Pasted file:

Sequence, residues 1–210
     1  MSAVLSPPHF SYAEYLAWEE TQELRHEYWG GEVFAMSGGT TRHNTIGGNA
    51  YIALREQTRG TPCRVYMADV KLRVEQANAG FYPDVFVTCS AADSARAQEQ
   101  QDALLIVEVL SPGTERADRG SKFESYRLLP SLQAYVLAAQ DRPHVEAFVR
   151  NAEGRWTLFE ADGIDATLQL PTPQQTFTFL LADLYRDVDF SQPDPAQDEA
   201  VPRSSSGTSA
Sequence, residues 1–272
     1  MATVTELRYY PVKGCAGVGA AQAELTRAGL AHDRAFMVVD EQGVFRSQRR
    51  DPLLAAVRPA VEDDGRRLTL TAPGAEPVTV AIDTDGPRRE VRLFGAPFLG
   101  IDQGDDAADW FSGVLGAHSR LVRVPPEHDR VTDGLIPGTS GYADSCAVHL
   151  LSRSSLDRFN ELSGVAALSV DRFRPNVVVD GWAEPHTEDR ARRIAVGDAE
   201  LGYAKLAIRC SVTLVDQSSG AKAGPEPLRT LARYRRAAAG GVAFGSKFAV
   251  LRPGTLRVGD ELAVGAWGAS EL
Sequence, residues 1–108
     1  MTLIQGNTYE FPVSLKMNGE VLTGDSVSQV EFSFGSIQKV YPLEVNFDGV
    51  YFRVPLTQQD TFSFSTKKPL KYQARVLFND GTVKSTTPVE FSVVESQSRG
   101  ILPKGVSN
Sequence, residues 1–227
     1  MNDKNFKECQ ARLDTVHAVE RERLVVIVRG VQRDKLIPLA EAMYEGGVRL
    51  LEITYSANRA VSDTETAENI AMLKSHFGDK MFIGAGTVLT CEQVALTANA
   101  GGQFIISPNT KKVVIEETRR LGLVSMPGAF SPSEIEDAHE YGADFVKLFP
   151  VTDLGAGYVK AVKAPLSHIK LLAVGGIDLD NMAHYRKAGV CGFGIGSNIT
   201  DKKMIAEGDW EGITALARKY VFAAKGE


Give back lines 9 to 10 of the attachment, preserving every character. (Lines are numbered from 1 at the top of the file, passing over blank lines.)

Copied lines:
    51  DPLLAAVRPA VEDDGRRLTL TAPGAEPVTV AIDTDGPRRE VRLFGAPFLG
   101  IDQGDDAADW FSGVLGAHSR LVRVPPEHDR VTDGLIPGTS GYADSCAVHL